About three years ago, before the onset of the COVID pandemic, I attended a talk in New York City given by a Hong Kong activist. Back then the city was deep in the throes of massive pro-democracy protests, with millions of Hong Kongers taking to the streets and enduring the sticky summer heat to oppose the increasing authoritarianism of the Chinese government. Despite his obvious weariness, the speaker talked hopefully about the prospective outcome of the demonstrations: the rule of law, freedom of speech, and human rights would prevail over China’s attempt to undermine them. “If we don’t fight for our freedom,” he said, “that is self-destruction.”
Fast forward to now, and even revealing that activist’s name would be enough to land him in prison. Just one year after the protests began, the Chinese government—without consulting Hong Kong officials—imposed a harsh national security law on the city-state. According to the statute’s vague wording, any expression of discontent, countervailing views, or conversations with “foreign forces” could result in a prison term of three years to life. Since the Hong Kong police are increasingly applying the law retroactively, the activist whose talk I attended is still very much at risk—even though he spoke in New York in 2019. For Hong Kongers, accustomed as they are to inhabiting a free society governed by the rule of law, the new law comes as a shock.
How did Hong Kong, a former British colony with an independent judiciary that protected personal freedoms, come to find itself under the heavy dictatorial thumb of Beijing? In her beautiful and timely new memoir, Indelible City: Dispossession and Defiance in Hong Kong, journalist Louisa Lim does more than simply answer that question. She fills a gap that has long been missing in books about Hong Kong: an account of the city’s long history of defiance, told from the perspective of Hong Kongers themselves.
A native Hong Konger, Lim starts her narrative playfully by describing one of her adolescent obsessions, the so-called “King of Kowloon.” The King, as he was popularly known, was actually an eccentric named Tsang Tsou-choi. Between 1956 and the early 2000s, Tsang regularly graffitied public spaces and government property—mostly buildings, lampposts, and mailboxes—with a manifesto written in childlike calligraphy. He claimed that the Kowloon neighborhood of Hong Kong had once belonged to his family, insisting (absurdly) that since the neighborhood had been taken without just compensation, he wanted it back. Whenever his assertions were painted over, Tsang would return days later to write it all again. Returning repeatedly to the King throughout Indelible City, Lim makes him not just a quirky part of Hong Kong history but also a larger symbol of Hong Kongers’ long struggle for self-determination over their land and lives.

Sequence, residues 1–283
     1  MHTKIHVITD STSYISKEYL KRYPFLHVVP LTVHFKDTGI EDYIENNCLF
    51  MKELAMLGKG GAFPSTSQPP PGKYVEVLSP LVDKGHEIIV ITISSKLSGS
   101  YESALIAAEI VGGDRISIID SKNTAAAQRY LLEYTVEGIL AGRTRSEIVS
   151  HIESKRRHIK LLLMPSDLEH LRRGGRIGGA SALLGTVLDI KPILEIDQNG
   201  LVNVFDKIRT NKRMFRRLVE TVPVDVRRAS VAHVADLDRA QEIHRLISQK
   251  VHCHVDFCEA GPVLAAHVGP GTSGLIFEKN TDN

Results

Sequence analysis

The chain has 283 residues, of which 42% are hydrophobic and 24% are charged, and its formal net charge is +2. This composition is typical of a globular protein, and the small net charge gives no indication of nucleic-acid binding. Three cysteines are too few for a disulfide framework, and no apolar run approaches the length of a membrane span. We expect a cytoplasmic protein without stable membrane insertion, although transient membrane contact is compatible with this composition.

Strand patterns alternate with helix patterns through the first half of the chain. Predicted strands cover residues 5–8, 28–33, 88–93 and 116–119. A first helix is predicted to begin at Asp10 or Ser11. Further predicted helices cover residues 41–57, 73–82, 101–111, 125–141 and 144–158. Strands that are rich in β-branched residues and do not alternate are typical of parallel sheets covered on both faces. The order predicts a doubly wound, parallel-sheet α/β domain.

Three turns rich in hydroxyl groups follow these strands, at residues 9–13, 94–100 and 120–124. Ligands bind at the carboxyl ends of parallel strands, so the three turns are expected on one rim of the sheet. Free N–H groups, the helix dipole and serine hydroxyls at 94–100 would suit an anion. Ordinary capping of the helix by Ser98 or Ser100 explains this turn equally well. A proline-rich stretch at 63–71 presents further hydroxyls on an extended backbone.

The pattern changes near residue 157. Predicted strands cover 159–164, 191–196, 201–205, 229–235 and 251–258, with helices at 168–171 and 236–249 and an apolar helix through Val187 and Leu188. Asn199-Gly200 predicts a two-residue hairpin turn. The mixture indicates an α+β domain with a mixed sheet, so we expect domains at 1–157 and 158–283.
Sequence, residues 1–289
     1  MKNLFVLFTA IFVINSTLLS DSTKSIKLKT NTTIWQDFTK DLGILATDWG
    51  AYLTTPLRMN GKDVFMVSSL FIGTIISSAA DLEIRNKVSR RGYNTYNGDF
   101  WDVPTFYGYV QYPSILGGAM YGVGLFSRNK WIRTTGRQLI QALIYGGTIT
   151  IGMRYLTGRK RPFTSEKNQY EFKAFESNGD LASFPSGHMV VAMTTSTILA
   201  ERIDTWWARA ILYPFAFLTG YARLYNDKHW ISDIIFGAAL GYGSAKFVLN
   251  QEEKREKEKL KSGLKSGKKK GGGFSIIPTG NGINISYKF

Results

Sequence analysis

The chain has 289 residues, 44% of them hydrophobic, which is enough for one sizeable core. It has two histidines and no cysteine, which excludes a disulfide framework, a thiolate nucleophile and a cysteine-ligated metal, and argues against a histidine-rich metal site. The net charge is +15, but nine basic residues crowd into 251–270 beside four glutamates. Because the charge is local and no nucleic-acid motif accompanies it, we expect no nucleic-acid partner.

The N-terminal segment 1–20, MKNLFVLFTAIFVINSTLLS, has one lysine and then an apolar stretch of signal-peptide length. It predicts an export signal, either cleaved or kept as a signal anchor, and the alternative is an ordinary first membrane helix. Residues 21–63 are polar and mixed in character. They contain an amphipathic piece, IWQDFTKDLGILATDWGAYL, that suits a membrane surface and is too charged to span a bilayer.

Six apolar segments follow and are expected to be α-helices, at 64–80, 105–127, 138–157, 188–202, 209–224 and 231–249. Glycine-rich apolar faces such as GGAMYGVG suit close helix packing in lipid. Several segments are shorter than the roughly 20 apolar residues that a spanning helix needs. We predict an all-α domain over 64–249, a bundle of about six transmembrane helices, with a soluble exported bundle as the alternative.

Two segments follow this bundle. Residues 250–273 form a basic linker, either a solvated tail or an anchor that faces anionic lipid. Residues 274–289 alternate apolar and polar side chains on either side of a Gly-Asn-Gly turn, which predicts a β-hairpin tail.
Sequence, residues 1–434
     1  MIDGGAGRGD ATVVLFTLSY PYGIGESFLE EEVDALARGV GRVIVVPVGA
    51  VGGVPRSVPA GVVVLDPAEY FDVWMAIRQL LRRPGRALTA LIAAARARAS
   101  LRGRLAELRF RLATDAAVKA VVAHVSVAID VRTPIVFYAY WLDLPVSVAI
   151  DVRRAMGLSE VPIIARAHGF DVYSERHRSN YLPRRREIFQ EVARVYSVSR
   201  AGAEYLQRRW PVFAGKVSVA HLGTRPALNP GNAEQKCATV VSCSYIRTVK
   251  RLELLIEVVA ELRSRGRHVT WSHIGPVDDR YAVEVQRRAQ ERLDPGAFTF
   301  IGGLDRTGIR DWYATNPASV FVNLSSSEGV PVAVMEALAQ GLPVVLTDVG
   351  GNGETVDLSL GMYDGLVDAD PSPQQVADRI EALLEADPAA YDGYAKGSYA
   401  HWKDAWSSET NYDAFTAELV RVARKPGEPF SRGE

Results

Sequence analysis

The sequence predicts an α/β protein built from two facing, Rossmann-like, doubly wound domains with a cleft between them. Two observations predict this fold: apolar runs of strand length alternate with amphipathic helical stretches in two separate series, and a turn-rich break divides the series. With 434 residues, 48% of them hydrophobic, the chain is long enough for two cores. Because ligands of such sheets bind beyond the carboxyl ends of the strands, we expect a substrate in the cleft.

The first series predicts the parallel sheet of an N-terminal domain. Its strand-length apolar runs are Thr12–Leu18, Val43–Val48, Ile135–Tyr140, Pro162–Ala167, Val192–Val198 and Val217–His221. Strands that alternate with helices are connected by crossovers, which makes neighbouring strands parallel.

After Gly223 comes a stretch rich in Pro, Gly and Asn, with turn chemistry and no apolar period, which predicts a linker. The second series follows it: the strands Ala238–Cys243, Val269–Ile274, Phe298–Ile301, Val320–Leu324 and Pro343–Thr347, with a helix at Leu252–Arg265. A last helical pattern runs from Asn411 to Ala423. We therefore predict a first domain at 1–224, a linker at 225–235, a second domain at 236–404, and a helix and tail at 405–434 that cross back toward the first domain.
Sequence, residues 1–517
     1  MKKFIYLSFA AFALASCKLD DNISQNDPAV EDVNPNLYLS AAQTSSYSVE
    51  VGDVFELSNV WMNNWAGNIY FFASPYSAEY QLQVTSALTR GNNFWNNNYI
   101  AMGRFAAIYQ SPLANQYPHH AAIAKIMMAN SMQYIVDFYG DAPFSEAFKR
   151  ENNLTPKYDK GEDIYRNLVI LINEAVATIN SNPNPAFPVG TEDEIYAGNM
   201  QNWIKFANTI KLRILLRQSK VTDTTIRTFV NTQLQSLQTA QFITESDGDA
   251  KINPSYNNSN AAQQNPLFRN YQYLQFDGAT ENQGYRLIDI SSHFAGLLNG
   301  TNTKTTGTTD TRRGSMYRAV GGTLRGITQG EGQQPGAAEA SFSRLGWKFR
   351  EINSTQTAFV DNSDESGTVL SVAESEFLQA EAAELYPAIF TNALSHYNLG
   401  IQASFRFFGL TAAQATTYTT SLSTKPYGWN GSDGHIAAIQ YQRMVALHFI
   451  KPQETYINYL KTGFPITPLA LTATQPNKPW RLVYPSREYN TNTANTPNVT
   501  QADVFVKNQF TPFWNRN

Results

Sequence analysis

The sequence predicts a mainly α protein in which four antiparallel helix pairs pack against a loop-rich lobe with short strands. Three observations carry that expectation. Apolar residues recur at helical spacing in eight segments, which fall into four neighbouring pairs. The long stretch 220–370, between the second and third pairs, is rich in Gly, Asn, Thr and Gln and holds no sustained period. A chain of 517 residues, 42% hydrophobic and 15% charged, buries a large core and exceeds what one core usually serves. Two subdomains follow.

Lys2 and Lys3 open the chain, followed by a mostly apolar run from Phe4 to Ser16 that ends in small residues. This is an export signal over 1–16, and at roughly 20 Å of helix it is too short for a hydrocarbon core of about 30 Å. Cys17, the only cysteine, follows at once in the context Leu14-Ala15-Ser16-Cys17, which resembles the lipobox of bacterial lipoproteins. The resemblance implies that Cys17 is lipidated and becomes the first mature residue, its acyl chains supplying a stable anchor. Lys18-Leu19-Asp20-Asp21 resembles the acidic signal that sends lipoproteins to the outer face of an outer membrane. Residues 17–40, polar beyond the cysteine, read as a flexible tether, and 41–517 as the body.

That struggle, as Lim demonstrates through fascinating interviews with archeologists and historians of early Hong Kong, has been waged continuously over many centuries. By as early as 222 CE, Hong Kong had become an important salt producer, trading extensively with the Chinese mainland while occasionally rebelling against the latter’s salt monopolies. In 1197, Hong Kongers again rose up to protest the monopolies, this time taking their revolt all the way to the Chinese city of Guangdong (Canton).
Linked to this rebellious commercial spirit is Hong Kong’s historic openness to persecuted refugees fleeing mainland China. Modern examples include the university students who participated in the Tiananmen Square demonstrations in 1989, as well as those who narrowly escaped the Cultural Revolution in the 1960s (and used fishing boats to do so). As Lim shows, Hong Kong’s protective impulse can be traced back as early as the year 1276, when the city sheltered two boy princes from the recently overthrown Song dynasty. “The island has always been the safe haven, the refuge for those escaping injustice and tyranny,” Lim writes. Tellingly, she never answers the question of where Hong Kongers should go now to escape Chinese persecution.
Of course, Hong Kong’s ability to write its own history has been impeded by the two colonial powers that have ruled it, first the British beginning in 1841 and then the Chinese since 1997. Lim humorously describes Britain’s acquisition of Hong Kong as more of an accident than a well-crafted plan—British officers first laid claim to the land by using outdated maps. Even under British rule, though, Hong Kongers continued to exercise cultural sovereignty, and responded forcefully whenever it was threatened. For example, in 1899, after the Chinese government leased Hong Kong’s “New Territories” to the British for ninety-nine years, local clans revolted. While this Six-Day War has been largely forgotten today, Lim highlights a compelling parallel between this earlier uprising and today’s protests: “Both were leaderless, grassroots movements aimed at defending Hong Kongers from an all-powerful colonizing force. Both used popular culture to mobilize support, with the bamboo clapper songs of 1899 prefiguring the protest anthems of 2019.”
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